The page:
Writer: Steve Hill, (979) 845-2895, email@example.com
Contact: Dr. Ed Runge, (979) 845-3041
COLLEGE STATION — For helping develop “miracle rice” that alleviated malnutrition and poverty, a retired Texas Agricultural Experiment Station researcher has received the prestigious World Food Prize.
Dr. Henry (Hank) Beachell of Pearland, who spotted and improved a rice variety used as a genetic base for most of today’s rice varieties, was given the award in Des Moines on Oct. 18. His role in promoting the variety led others to dub him the person most responsible for the “Green Revolution” in rice.
“Hank Beachell is the single most important individual in rice improvement in the world,” said Dr. Ed Runge, professor and head of the soil and crop sciences department of Texas A&M University.
Beachell shared the award with Dr. Gurdev Singh Khush, who began working with Beachell at the International Rice Research Institute in 1967 and continued as the organization’s rice breeder after Beachell retired from the institute.
Beachell was a joint employee of the U.S. Department of Agriculture and the experiment station — part of the Texas A&M University System — and worked at the Beaumont station from 1932 until 1963. While there, he created and helped introduce nine rice varieties which eventually accounted for more than 90 percent of U.S. long-grain rice production.
During that time, he also took part in research and teaching tours of rice production areas in India, Central America and South America.
After retiring from the Beaumont station in 1963, he accepted a position at the rice institute in the Philippines. That same year, while going went through the institute’s experimental plots seeking a sturdy rice plant that would respond well to fertilizer and mature early, he helped select the rice that eventually became the IR8 rice variety.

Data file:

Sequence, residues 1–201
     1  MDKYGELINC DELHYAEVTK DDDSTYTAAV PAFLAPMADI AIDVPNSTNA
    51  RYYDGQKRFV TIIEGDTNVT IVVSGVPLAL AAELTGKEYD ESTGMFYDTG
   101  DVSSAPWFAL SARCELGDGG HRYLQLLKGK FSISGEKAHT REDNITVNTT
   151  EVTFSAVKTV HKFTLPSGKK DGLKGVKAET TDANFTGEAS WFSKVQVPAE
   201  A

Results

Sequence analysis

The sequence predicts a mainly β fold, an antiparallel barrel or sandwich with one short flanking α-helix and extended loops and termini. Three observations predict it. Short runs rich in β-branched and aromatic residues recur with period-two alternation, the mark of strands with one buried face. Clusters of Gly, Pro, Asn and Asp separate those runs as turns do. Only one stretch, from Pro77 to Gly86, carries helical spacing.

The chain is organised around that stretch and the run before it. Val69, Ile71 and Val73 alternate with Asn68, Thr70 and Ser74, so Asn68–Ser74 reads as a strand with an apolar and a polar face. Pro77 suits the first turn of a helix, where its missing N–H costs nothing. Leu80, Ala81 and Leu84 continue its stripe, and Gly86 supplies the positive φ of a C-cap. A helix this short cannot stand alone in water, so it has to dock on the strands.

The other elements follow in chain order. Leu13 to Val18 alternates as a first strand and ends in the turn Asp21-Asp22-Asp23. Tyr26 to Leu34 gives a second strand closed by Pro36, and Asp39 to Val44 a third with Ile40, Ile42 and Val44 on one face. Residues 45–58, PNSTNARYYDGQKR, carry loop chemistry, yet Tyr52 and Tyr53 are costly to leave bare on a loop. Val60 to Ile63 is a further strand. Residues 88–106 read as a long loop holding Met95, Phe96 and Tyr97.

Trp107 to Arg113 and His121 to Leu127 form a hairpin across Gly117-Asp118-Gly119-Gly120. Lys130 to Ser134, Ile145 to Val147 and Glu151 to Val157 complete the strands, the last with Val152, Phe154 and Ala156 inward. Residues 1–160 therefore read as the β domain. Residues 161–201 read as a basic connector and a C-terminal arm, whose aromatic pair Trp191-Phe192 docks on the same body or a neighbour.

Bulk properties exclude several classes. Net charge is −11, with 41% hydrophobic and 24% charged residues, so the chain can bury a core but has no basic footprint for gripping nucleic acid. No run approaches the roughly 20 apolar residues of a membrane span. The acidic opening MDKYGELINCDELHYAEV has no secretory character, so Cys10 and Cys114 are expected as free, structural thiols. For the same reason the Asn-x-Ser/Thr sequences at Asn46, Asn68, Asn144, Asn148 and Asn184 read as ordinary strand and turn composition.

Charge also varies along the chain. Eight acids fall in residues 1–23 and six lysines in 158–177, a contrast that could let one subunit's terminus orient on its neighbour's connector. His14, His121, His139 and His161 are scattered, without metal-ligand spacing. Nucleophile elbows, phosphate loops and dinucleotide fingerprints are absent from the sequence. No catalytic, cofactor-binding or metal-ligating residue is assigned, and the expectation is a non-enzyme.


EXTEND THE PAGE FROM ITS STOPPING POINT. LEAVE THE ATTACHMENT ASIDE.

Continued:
After further development, IR8 was released in 1966 and set yield records ranging from 6 to 8 tons of grain per hectare on experimental fields in several Asian countries, more than doubling previous yields.
Over the next two decades, Beachell traveled widely to promote that variety and others resulting from the institute’s work. He also continued research to improve the rice, including making it more resistant to pests and adaptable to various growing conditions as well as cooking and taste preferences.
Meanwhile, Khush had joined the institute’s research staff and built on Beachell’s work. Their work was a primary factor in a doubling of world rice production since that time, with the institute’s varieties being planted in approximately 70 percent of the world’s rice fields.
With lower rice costs due to higher yields, nutrition has improved in most Asian countries and Asian rice farmers have gained more income.
In supporting material for Beachell’s nomination, agronomy professor emeritus M.H. Meu of Seoul National University in Korea praised him for having “keen eyes to identify elite breeding material” and being an excellent international cooperator.
Meu said leading breeders — including himself — throughout the world were “encouraged and inspired” by Beachell during his stay in the Phillipines and Indonesia.
Now 90, Beachell still consults for the rice industry through Rice-Tec, an Alvin company that is the only commercial hybrid rice breeding program in the United States.
“His direct contributions to rice improvement may even be surpassed in the future by the impact he has had on coworkers and students,” Runge said. “He has impressed on young rice breeders that they can also do this through dedication, innovation and interaction with other scientists in a team approach, even if they possess simple facilities and limited resources.
“His contributions permit the world’s expanding population to feed itself and have led to longer, more fulfilling, healthful lives for hundreds of millions of people. They are beyond quantification.”